EDINBURGH’S festivals attracted bumper crowds in their 70th year, with both the International Festival and the Fringe claiming record ticket sales.

The International Festival generated total sales of £4.3 million, a new box-office record.

Festival director Fergus Linehan said: “As the curtain falls on the 70th anniversary International Festival we are struck by the generosity, enthusiasm and endless curiosity of festival-goers from Edinburgh and all over the world. We are hugely grateful to them and the thousands of artists who have lit up our stages and streets over the past month”.

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By Monday afternoon, the Fringe was estimating that 2,696,884 tickets had been issued for shows, compared to 2,475,143 tickets last year.

That figure will not account for all of the 53,232 performances of 3,398 shows in the 300 venues across Edinburgh, as audiences for many of the free shows just turn up.

Shona McCarthy, chief executive of the Fringe Society that facilitates the open-access festival, said:“This has been a very special year for the Fringe as we celebrated 70 years of defying the norm, 70 years of the greatest melting pot of arts and culture anywhere on the planet, and 70 years of Edinburgh as an internationally renowned festival city. The Fringe continues to play an essential role in the worldwide arts community, enabling artists to showcase their work, reach new audiences and make new connections.”

The Book Festival also saw audiences surge.

More than a quarter of a million book lovers passed through the festival’s tented village in Charlotte Square Gardens and surrounding George Street.

Ticket sales were up more than four per cent and book sales also grew, with 63,000 sold in the 17 days of the event. The best-selling book was Nasty Women, a collection of essays, interviews and accounts of what it is to be a woman in the 21st century, from new Scottish publishers 404 Ink.

Nick Barley, director of the Edinburgh International Book Festival, said: “It’s wonderful to see that our extension into George Street has attracted new audiences, while allowing us to retain all the spirit and vigour of the Book Festival’s beating heart in Charlotte Square Gardens.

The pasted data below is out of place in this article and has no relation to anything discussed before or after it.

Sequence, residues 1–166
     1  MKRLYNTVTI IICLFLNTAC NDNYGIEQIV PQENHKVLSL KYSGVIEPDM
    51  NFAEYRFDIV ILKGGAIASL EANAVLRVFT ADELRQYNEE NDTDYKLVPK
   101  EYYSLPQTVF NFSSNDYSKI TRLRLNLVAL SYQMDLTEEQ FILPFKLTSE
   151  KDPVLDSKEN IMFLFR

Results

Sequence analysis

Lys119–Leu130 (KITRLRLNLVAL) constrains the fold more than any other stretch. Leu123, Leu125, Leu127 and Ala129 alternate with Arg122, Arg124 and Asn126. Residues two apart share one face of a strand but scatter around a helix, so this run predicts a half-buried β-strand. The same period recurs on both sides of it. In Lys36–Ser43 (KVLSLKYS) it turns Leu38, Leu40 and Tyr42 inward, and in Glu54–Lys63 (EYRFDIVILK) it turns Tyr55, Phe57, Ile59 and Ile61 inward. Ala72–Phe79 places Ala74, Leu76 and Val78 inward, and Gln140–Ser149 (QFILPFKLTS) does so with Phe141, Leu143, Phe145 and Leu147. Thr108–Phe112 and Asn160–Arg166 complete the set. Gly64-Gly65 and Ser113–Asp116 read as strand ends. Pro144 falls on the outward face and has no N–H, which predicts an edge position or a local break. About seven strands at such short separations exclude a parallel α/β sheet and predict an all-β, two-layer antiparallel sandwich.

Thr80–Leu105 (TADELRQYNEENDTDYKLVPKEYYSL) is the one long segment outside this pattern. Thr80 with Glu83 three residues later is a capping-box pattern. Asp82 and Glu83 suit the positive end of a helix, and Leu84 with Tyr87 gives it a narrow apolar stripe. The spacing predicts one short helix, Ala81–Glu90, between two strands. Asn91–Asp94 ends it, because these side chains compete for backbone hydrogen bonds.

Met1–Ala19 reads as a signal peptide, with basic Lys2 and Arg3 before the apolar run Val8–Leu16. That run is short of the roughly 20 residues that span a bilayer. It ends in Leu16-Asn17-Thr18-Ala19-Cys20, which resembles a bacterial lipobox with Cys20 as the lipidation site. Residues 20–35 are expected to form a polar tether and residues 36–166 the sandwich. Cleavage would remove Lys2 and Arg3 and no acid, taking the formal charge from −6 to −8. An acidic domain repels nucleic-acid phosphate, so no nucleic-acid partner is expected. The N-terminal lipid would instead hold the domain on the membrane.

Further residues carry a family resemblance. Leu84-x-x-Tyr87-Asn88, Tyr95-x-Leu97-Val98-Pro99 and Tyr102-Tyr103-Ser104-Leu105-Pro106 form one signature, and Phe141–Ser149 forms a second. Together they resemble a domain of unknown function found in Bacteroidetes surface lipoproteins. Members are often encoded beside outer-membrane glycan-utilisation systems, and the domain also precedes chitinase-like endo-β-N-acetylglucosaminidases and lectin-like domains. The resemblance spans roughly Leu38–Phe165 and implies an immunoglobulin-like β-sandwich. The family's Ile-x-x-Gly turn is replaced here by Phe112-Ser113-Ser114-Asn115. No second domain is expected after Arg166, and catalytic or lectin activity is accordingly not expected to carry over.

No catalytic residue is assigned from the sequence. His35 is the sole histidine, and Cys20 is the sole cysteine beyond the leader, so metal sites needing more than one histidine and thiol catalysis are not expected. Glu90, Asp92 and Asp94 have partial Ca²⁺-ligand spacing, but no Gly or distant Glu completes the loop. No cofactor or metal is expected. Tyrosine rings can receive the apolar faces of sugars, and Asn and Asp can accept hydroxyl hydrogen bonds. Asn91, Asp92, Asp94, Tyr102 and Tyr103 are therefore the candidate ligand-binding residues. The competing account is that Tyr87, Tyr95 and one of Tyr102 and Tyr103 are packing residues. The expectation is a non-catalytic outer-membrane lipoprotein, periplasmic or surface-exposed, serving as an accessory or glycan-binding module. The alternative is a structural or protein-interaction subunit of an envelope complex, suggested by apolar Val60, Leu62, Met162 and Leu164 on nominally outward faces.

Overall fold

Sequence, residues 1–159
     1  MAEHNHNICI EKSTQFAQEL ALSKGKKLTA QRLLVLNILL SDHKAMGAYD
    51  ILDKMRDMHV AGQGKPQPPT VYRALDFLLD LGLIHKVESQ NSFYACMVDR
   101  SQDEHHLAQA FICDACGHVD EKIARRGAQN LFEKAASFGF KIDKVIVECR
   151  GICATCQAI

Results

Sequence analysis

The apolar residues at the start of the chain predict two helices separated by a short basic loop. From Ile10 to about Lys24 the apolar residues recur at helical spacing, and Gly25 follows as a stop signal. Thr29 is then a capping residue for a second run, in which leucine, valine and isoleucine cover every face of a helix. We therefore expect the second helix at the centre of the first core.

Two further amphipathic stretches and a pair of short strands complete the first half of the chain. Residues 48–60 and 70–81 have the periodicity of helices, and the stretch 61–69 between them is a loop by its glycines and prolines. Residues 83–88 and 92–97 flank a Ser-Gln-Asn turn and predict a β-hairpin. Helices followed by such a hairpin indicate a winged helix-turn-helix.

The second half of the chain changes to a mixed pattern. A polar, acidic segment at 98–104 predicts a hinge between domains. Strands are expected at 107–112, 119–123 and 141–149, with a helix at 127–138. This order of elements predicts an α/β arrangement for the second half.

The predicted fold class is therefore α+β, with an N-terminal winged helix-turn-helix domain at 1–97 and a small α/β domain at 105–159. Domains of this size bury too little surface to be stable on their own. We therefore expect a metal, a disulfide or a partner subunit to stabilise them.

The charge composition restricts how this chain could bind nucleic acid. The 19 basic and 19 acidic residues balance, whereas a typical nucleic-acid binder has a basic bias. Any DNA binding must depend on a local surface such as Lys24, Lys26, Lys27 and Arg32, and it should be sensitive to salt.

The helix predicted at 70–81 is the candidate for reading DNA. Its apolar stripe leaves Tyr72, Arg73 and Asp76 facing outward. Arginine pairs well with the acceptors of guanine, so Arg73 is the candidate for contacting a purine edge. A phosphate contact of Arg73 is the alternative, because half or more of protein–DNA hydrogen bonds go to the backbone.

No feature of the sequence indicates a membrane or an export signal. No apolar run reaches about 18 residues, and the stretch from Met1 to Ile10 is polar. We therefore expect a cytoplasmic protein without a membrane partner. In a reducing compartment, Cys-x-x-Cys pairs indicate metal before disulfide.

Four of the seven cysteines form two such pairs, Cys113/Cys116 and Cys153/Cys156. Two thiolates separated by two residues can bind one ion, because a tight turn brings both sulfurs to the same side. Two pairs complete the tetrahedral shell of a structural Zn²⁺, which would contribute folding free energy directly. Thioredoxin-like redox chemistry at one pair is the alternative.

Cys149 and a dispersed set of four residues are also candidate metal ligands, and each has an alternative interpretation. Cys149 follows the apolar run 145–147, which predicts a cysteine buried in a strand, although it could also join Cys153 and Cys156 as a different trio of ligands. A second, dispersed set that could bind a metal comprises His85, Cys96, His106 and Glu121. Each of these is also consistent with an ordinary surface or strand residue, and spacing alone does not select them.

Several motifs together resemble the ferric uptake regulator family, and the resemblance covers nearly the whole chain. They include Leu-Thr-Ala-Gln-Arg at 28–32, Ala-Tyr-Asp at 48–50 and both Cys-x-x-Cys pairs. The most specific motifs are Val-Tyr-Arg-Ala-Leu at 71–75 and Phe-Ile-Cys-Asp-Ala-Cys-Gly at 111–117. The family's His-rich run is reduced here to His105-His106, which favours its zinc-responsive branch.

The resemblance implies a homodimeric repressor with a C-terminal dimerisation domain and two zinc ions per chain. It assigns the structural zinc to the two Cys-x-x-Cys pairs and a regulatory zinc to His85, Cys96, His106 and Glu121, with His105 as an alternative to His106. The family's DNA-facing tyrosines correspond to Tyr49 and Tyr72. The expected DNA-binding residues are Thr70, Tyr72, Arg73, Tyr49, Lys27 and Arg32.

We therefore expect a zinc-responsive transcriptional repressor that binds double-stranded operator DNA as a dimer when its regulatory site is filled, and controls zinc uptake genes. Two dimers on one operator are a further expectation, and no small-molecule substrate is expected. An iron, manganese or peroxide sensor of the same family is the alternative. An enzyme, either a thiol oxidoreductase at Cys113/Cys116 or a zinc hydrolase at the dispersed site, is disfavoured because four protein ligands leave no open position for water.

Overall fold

“This year’s festival has been a riot of ideas, entertainment and unforgettable conversations involving writers and readers from all corners of the world – from Bonnyrigg to Buenos Aires and from Lewis to Lagos.”

Award-winning children’s author Cressida Cowell, who launched the first book of her new series at the book festival, said: “I have special affection for this festival because [her novel] How to Train your Dragon was so directly inspired by my childhood on a tiny, uninhabited island off the west coast of Scotland. Edinburgh audiences are always brilliantly enthusiastic and supportive – I love visiting.”

Councillor Donald Wilson, the council’s Edinburgh Festivals Champion, said: “This really has been a summer to mark all summers and a celebration of Edinburgh, its people, and of courses the many performers and talented individuals who join us year upon year, decade upon decade. I don’t think there is an atmosphere anywhere in the world that comes close to Edinburgh in August.”

Last night the festivals ended with a bang, as they do every year, with the Scottish Chamber Orchestra. playing along to some 40,000 fireworks lighting up the capital’s sky.

For the people of Edinburgh, today is a chance to take a breath and get reaccustomed to the suddenly emptier streets. They have a about two months of peace and quiet until the tourists start flocking back to the city for Hogmanay.